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just getting started

Discussion in 'Business Operations' started by cp, Mar 13, 2001.

  1. cp

    cp LawnSite Senior Member
    Posts: 263

    Hi guys,
    I'm just getting started and without going into all the details would like to hear some advice from pros. I've already got the lawyer, CPA, Banker, and equipment dealer on the move. All I need now is enough customers for me to quit my current job and go full time.. All comments welcome.

    Thanks, Chris.....
     
  2. OBRYANMAINT

    OBRYANMAINT LawnSite Senior Member
    Posts: 555

    line up the accounts before you quit and possibly do it part time for a year or two to get yourself established well that way when you do do it full time you will have a better chance at success
     
  3. Stonehenge

    Stonehenge LawnSite Bronze Member
    from Midwest
    Posts: 1,277

    Chris,

    Sounds like you've got a good start. I'll amend what OM had to say. I don't know what your situation is, if you have a spouse that's got a solid income, etc....

    If you have a great safety net, jump in with both feet. If you don't, go slow/part-time.

    There are a million ways to try to attract customers, depending on what kind of area you live in, what kind of business you want to attract, on and on. Just make sure that the customers you handle now all LOVE what you do. Build a solid base of customers who will serve as references for you.
     
  4. joshua

    joshua LawnSite Bronze Member
    Posts: 1,226



    If you have a great safety net, jump in with both feet. If you don't, go slow/part-time.


    as both guys said, go part time for now and next year think about full time if you can grow that fast. get estibished, make a name for yourself, and make sure the land you are on today is solid for tommorrow. every year i see guys come and go, for many reasons, you don't want to be one of those guys.
     
  5. John Allin

    John Allin LawnSite Bronze Member
    Posts: 1,489

    joshua,
    It's a great industry that has made millionaires of many that have paid attention to the "business" side of the workload.

    Good luck. This is a great place to avoid the pitfalls that come with the "trial and error" method of starting up. Most of the posters here have made mistakes and can assist you (and others) in avoiding the same potholes.
     
  6. eggy

    eggy LawnSite Senior Member
    Posts: 927

    Be careful, if your job has hours in which you can cut on the side try that first, also I am not sure but if you plan on cutting only, I would really look into the landscape side of the buisness. We are starting to find this side of buisness a little better.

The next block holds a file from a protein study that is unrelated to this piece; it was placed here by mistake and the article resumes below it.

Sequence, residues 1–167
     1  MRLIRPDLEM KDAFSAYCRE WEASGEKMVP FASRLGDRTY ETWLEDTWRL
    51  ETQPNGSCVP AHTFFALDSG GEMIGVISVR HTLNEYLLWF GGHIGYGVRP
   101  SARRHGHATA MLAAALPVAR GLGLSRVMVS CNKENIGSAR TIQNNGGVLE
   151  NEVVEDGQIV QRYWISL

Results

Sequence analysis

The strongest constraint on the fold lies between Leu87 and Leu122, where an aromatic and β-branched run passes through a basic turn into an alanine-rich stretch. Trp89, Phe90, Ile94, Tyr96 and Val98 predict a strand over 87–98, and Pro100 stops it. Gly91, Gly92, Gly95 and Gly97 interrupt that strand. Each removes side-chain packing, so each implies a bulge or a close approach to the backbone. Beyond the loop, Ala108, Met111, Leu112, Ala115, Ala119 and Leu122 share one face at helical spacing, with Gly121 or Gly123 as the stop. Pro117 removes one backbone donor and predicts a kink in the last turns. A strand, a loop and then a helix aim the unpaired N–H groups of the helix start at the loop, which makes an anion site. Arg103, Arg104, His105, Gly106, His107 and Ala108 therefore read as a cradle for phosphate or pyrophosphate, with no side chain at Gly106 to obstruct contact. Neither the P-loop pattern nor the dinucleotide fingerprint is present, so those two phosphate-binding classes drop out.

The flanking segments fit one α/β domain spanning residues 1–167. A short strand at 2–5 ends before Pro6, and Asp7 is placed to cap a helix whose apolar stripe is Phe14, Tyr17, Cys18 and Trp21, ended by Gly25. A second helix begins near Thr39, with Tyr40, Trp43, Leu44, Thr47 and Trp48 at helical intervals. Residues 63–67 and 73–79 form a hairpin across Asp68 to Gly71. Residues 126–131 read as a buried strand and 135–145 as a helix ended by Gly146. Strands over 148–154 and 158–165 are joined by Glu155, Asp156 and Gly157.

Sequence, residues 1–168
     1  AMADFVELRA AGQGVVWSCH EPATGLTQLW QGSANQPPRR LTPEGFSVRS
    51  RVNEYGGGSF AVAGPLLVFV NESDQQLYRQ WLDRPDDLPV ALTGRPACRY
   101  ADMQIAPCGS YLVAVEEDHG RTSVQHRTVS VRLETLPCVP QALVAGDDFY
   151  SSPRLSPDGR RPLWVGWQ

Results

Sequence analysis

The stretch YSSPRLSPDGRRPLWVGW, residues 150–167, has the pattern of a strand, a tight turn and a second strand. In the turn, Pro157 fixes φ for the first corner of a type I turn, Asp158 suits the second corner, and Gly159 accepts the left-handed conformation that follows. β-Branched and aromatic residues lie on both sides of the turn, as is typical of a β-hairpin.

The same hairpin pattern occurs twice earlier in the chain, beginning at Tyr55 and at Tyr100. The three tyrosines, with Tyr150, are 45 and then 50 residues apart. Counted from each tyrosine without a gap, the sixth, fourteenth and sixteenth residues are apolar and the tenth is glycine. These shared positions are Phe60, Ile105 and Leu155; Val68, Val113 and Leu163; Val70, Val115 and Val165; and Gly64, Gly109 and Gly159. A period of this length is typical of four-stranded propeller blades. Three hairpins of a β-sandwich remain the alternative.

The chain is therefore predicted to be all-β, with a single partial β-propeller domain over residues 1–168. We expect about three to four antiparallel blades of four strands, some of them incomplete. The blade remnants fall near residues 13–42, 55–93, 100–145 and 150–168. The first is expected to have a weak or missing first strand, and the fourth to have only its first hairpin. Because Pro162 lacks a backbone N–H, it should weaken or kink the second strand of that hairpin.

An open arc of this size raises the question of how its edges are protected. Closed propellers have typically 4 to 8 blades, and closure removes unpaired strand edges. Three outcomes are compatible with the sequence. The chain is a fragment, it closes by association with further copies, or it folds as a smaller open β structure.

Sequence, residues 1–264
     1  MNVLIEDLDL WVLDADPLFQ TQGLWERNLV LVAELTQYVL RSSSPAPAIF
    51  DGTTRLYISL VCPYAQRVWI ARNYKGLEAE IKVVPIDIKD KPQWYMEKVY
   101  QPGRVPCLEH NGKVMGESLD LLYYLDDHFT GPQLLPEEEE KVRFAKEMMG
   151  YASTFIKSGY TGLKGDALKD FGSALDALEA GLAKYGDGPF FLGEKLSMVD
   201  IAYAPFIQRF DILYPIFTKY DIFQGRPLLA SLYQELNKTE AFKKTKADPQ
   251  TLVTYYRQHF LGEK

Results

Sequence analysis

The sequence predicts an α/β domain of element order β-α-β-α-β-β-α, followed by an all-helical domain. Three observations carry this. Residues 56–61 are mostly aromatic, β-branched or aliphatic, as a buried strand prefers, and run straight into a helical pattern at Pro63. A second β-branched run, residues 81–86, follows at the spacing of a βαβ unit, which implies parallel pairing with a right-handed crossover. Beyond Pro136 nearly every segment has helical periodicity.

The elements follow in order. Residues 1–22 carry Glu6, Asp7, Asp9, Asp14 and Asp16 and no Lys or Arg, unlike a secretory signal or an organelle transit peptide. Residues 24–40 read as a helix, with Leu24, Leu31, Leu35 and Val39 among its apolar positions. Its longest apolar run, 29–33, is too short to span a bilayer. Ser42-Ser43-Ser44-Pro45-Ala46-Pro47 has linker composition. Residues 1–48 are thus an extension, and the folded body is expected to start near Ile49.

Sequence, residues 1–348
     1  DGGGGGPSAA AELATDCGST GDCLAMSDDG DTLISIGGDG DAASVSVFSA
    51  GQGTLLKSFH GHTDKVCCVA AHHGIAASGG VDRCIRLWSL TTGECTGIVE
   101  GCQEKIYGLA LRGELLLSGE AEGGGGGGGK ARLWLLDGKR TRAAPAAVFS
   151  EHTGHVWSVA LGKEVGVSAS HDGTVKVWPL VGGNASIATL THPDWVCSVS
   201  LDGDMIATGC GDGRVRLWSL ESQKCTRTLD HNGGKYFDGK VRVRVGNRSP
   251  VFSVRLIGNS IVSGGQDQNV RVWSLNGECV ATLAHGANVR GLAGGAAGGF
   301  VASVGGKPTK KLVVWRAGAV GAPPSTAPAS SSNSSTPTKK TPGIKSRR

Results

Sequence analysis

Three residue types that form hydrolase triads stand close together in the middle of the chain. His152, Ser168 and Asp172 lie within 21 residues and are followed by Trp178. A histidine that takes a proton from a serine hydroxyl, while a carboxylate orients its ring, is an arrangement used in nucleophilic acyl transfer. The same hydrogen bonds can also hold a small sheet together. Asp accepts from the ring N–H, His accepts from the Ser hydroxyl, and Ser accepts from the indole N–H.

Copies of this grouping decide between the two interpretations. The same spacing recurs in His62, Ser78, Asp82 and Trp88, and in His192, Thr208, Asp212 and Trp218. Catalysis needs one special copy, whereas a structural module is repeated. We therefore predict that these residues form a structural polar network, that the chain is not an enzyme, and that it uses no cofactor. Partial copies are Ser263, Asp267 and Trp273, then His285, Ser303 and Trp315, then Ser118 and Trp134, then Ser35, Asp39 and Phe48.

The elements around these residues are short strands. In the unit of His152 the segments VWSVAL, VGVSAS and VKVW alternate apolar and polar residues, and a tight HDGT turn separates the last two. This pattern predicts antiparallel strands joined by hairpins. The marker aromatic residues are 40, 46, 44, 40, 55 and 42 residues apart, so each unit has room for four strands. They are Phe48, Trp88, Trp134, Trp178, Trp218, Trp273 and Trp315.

7. cp

    cp LawnSite Senior Member
    Posts: 263

    Well guys, Just wanted to let anybody out there know where I'm at on the start up biz.
    To date I have incorporated, gotten my CPA on board, prepared my business plan with financial projections,(boy was that a shot in the dark), but my banker likes it!
    I am in the process now of getting all the finances finalized, i.e., checking acct.,etc..
    I pick up my equipment next Friday. And I'm getting a few jobs ready. I was a little afraid to jump the gun on job estimates until the company was formed and legal. Insurance is done and the one thing that I need advice on now is whether I should go with Quick Books or Quick Books Pro or something else???? Any help would be appreciated...

    Now I'm just chomping at the bitt...

    CP
     
  8. Fantasy Lawns

    Fantasy Lawns LawnSite Bronze Member
    Posts: 1,913

    sounds like you've built a solid foundation ....your CPA should be Quick Books Pro friendly if not .....well..if your planing on doing it ?? or click on the Lawn Monkey or Clip Banner's ....lots of other software out that will help

    Our CPA does all our books, check, depoists, payroll & tax needs best $500 I spend each year ...all on Quick Books Pro ....I have a copy here and get a back-up file each Monday to check over everything

    Anyways ...good luck ....get out the marketing & advo stuff
     
  9. dmk395

    dmk395 LawnSite Senior Member
    from Ma
    Posts: 992

    Go partime, then if you like the business enough, and make the money you want with it, go full time. Also don't incur huge debts, and make sure you buy high quality equipment.
     
  10. site

    site LawnSite Member
    Posts: 168

    It's not what you make- it's what you keep. Be thrifty. Also lets assume (for easy math) that your net profit is 10%. If you do a job for $100 you get to keep $10. Increase the price of that job by 10% to $110 and you have just doubled your net income. In other words don't be afraid to bid high on jobs. So what if you miss a few. You will have the extra money to do the ones you get correctly and build a reputation. Also, when you do mess up and price a job too cheaply and it gets accepted- treat it like all your other jobs. Do it right and don't comlain. Move on to the next one and try again.
     

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